Postmodernism

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Introduction

(Literary Movements for Students)

Postmodernism is the name given to the period of literary criticism that is now in full bloom. Just as the name implies, it is the period that comes after the modern period. But these are not easily separated into discrete units limited by dates as centuries or presidential terms are limited. Postmodernism came about as a reaction to the established modernist era, which itself was a reaction to the established tenets of the nineteenth century and before.

What sets Postmodernism apart from its predecessor is the reaction of its practitioners to the rational, scientific, and historical aspects of the modern age. For postmodernists this took the guise of being self-conscious, experimental, and ironic. The postmodernist is concerned with imprecision and unreliability of language and with epistemology, the study of what knowledge is.

An exact date for the establishment of Postmodernism is not easy, but it is said to have begun in the post-World War II era, roughly the 1950s. It took full flight in the 1960s in the social and political unrest in the world. In 1968 it reached its zenith with the intense student protests in the United States and France, the war for independence in Algeria, and the Soviet invasion of Czechoslovakia. The beginning of space exploration with the launch of Sputnik in 1957, culminating in the 1969 landing of men on the moon, marks a significant shift in the area of science and technology.

At the same time, Jacques Derrida presented his first paper, Of Grammatology (1967), outlining the principles of deconstruction. The early novels of Kurt Vonnegut, Jr. and Alain Robbe-Grillet were published; Ishmael Reed was writing his poetry. The Marxist critics, Fredric Jameson and Terry Eagleton, who saw a major shift in the social and economic world as a part of the postmodern paradigm, were beginning their creative careers. As time progressed, more and more individuals added their voices to this list: Julia Kristeva, Susan Sontag, and, in popular culture, Madonna. (In her openly sexual music and music videos she broke down the limits of sexuality and femininity. Still, while some believe that her career is a setback for feminist movement; others believe that she opened the doors to a wider acceptance of female and human sexuality.)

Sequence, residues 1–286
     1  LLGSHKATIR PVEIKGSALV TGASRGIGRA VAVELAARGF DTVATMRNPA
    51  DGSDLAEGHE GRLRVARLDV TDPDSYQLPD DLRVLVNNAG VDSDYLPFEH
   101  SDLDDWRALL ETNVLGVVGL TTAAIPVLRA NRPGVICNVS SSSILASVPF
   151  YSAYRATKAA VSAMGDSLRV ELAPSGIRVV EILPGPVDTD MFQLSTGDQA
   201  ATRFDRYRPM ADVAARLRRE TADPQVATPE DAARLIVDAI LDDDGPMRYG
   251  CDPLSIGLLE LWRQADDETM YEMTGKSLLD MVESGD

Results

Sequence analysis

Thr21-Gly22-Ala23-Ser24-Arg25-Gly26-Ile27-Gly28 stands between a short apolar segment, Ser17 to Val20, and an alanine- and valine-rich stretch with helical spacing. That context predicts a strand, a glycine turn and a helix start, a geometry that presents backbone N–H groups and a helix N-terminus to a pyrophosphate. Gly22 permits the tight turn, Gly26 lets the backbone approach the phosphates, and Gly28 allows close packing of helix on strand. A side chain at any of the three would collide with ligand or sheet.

In a speech at Independence Hall in Philadelphia on July 4, 1994, Vaclav Havel, president of the Czech Republic, said the following:

The distinguishing features of such transitional periods are a mixing and blending of cultures and a plurality or parallelism of intellectual and spiritual worlds. These are periods when all consistent value systems collapse, when cultures distant in time and space are discovered or rediscovered. They are periods when there is a tendency to quote, to imitate, and to amplify, rather than to state with authority or integrate. New meaning is gradually born from the encounter, or the intersection, of many different elements.

This state of mind or of the human world is called postmodernism. For me, a symbol of that state is a Bedouin mounted on a camel and clad in traditional robes under which he is wearing jeans, with a transistor radio in his hands and an ad for Coca-Cola on the camel’s back.

This speech outlines the essence of Postmodernism in all its forms: the mixing, the disintegration, and the instability of identities.

Representative Authors

(Literary Movements for Students)

Donald Barthelme (1931–1989)
Donald Barthelme, Jr. was born in Philadelphia, Pennsylvania, on April 7, 1931. In 1949 he enrolled at the University of Houston as a journalism major and worked on the staff of the Daily Cougar as an editor. After spending time in the U.S. Army he returned to Houston where he worked for several newspapers. In 1962 he went to New York where he had articles and stories published in New Yorker magazine. He won many honors and awards including a Guggenheim Fellowship, National Book Award, National Institute of Arts and Letters Zabel Award, Rea Short Story Award, and the Texas Institute of Arts and Letters Award. Barthelme died...

(The entire section is 2,222 words.)